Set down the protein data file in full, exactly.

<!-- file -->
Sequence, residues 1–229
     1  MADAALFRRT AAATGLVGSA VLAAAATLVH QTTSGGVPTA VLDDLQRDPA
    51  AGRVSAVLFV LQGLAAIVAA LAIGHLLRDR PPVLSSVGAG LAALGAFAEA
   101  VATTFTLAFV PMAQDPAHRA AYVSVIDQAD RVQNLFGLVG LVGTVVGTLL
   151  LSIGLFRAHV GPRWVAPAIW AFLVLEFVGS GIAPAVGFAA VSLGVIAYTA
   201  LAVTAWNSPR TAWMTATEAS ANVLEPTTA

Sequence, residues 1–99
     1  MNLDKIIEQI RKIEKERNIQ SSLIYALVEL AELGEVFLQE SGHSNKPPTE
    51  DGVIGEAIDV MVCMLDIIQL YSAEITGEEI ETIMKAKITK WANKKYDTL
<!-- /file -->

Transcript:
Sequence, residues 1–229
     1  MADAALFRRT AAATGLVGSA VLAAAATLVH QTTSGGVPTA VLDDLQRDPA
    51  AGRVSAVLFV LQGLAAIVAA LAIGHLLRDR PPVLSSVGAG LAALGAFAEA
   101  VATTFTLAFV PMAQDPAHRA AYVSVIDQAD RVQNLFGLVG LVGTVVGTLL
   151  LSIGLFRAHV GPRWVAPAIW AFLVLEFVGS GIAPAVGFAA VSLGVIAYTA
   201  LAVTAWNSPR TAWMTATEAS ANVLEPTTA

Sequence, residues 1–99
     1  MNLDKIIEQI RKIEKERNIQ SSLIYALVEL AELGEVFLQE SGHSNKPPTE
    51  DGVIGEAIDV MVCMLDIIQL YSAEITGEEI ETIMKAKITK WANKKYDTL